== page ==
"We've been pretty good at home," Paul said. "I think that's 12 in a row for us here. It's all about our fans, and we feed off them. So we've got to keep making this a tough place to play.
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"The first time they beat us here, you would have thought they won the NBA Finals," Paul added. "Then they beat us up there pretty handily, so we wanted to protect our home court. This was the third time we've played those guys at the end of a back-to-back, so we knew if we let them get out and run, we'd be in for a long night."
Instead, it was a long night for the Warriors, who slipped four games behind the Clippers in the Western Conference standings. Coach Mark Jackson got so frustrated at one point late in the third quarter after an alley-oop dunk by a giddy DeAndre Jordan, he came onto the court and just glared at the Clippers' bench as they celebrated during the ensuing timeout. Some of them stared back.
"It was just a good old-fashioned heavyweight championship staredown. That's all," Jackson said. "But they earned the right to celebrate, the way they played. So what you've got to do as a coach or as a player is just let it soak in and remember it. That's all. Mark it down with permanent ink."
The Clippers lead the NBA with a 27-8 record, a half-game ahead of conference rivals Oklahoma City and San Antonio. They won a club-record 17 straight overall before back-to-back road losses at Denver and Golden State, then beat the Lakers 107-102 on Friday. The Clippers' previous best home winning streak was set in 1978-79, their first season in San Diego after the franchise left Buffalo.
Jordan added 13 points and eight rebounds for Los Angeles, which built a 23-point lead through the first quarter and won for the 19th time in 21 games overall. Coach Vinny Del Negro pulled Griffin and Paul after the Clippers built a 96-60 lead with 2:40 left in the third quarter.
Klay Thompson had a team-high 14 points for the Warriors (22-11), who had won 12 of 15 and were trying to match the second-best start in team history behind the 1975-76 squad that won 25 of its first 33. They were 23-10 in 1955-56 and in 1991-92.
"We didn't play well and they played like they wanted to send a message, so give them credit," Jackson said. "It's fresh in their minds what took place just the other day, so we knew their mindset and we didn't respond."
Playing their fourth game in five nights, the Clippers busted out of the gate with a 22-6 run while Golden State missed 15 of its first 18 shots. Stephen Curry and David Lee, the only Warriors averaging 20 or more points, both were 0 for 4 during that stretch.
"The Clippers outplayed us in every facet of the game, but it wasn't due to a lack of preparation," Lee said. "NBA players realize that out of an 82-game schedule there are going to be nights like this, and nights where you win by 30. They were on their fourth game in five nights, and they outplayed us from the jump."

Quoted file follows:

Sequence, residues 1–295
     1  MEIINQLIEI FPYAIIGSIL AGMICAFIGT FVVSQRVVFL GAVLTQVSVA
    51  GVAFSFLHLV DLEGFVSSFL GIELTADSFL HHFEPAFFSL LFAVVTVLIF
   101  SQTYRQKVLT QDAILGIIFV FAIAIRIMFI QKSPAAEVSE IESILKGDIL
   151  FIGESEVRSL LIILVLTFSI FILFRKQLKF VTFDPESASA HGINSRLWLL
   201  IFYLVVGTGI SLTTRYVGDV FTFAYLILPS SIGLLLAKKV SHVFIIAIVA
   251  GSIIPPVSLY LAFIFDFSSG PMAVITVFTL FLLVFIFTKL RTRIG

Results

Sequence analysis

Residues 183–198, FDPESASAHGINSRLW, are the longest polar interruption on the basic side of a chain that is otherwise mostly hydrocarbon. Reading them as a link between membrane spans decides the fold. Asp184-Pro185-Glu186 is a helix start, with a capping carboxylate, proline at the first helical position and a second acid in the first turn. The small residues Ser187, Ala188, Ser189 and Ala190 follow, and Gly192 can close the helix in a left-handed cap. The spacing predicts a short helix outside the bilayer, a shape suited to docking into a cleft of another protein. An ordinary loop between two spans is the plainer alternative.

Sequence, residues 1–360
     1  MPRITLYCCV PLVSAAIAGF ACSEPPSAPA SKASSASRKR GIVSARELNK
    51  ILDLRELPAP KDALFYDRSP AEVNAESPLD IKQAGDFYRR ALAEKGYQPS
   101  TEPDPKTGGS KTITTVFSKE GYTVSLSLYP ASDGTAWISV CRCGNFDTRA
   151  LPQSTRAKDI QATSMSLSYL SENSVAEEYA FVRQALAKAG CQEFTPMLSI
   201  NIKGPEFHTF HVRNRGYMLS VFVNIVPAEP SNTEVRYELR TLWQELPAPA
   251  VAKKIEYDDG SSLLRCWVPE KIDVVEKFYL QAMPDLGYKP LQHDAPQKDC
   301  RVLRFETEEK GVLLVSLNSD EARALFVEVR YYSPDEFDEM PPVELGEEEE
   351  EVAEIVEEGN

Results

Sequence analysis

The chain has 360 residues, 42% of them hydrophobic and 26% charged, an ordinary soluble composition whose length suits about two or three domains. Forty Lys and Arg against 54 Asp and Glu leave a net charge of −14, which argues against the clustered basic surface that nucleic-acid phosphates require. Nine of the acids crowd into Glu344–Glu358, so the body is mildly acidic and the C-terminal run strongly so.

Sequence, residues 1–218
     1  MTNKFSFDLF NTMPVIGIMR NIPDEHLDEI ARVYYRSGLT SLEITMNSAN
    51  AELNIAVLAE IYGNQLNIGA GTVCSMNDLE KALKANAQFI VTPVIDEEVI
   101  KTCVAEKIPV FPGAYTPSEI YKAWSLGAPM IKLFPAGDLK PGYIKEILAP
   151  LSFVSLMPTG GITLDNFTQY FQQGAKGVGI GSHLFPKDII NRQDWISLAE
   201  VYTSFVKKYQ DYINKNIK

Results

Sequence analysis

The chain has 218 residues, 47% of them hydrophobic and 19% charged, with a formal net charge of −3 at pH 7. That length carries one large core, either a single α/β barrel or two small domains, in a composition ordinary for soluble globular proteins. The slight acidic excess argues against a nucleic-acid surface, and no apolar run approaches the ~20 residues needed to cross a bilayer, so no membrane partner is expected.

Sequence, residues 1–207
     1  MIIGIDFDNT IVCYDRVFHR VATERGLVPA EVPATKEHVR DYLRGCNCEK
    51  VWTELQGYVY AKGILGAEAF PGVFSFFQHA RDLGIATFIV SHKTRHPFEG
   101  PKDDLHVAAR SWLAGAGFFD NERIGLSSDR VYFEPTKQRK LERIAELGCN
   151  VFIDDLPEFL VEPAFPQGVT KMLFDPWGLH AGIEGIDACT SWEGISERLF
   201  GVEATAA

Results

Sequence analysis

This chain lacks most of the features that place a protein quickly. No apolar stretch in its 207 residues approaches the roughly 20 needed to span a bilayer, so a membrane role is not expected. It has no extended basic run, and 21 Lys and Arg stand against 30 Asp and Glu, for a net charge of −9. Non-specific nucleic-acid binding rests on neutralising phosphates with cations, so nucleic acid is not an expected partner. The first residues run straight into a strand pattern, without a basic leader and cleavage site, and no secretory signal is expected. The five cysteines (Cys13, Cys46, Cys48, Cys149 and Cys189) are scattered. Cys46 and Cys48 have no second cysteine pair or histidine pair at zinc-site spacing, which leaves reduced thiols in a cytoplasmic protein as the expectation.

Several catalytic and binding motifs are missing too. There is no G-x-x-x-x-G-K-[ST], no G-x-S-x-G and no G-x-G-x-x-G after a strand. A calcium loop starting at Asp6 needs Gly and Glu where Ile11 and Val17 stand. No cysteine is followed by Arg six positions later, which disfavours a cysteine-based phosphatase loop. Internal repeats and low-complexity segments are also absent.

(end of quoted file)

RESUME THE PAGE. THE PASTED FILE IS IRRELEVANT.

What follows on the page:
Matt Barnes stripped the ball from rookie Draymond Green under the basket and hustled the length of the floor to tip in Willie Green's missed layup just before the first-quarter buzzer, giving Los Angeles a 35-12 cushion. It was the lowest-scoring opening period for the Warriors.
"This was a business win for us," Griffin said. "This is how we want to win games. We wanted to take care of it early, and that's what we did. Wednesday's game was pretty fresh in our minds."
The Clippers extended the margin to 67-43 at halftime, shooting 61.4 percent from the field and outrebounding the Warriors 24-12. Eric Bledsoe provided the exclamation point at the end of the second quarter when he blocked a driving layup by Jarrett Jack just before the buzzer. The 6-foot-1 point guard has 24 blocked shots in the team's first 35 games and 63 in 156 regular-season contests.
"The fact that they beat us twice was the biggest thing," Barnes said. "They're a conference opponent and they're only a few games behind us, so you just want to come out and make a statement."
Shooting guard Jamal Crawford, who leads the Clippers' reserves with 16.5 points per game, missed his second straight contest because of a sore left foot. The 13-year veteran, who signed as a free agent in July, tops all reserves in the league with 14 games of 20 or more points - including the 27 he scored against the Warriors in a 114-110 loss on Nov. 3, and the 24 he had against them in Wednesday's 115-94 defeat at Oakland.
"Right now we're just trying to get healthy," Paul said. "We're missing Jamal, Grant [Hill] and Chauncey [Billups], but we've got two games in the next seven days, so hopefully we can rest up a little bit. I'm glad this four-of-five stretch is over. I'm tired."
- The Clippers have beaten the Warriors at least once in each of the last 26 seasons, their longest such streak against any team.
- Lee was called for a flagrant 1 foul with 2:38 left in the second quarter when he got his hands on Griffin's torso as he went up for an alley-oop lob from Eric Bledsoe. Griffin missed the shot and landed on his feet.